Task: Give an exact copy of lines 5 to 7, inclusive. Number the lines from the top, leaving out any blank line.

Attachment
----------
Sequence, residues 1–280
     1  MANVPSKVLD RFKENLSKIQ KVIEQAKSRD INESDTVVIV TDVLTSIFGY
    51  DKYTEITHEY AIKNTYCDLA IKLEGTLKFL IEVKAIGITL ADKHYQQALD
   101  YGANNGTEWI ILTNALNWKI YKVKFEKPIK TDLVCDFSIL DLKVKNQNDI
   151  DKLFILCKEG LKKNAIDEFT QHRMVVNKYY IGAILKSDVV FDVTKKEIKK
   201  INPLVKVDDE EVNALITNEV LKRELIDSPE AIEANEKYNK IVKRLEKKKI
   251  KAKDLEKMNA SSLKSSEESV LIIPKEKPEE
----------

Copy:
   151  DKLFILCKEG LKKNAIDEFT QHRMVVNKYY IGAILKSDVV FDVTKKEIKK
   201  INPLVKVDDE EVNALITNEV LKRELIDSPE AIEANEKYNK IVKRLEKKKI
   251  KAKDLEKMNA SSLKSSEESV LIIPKEKPEE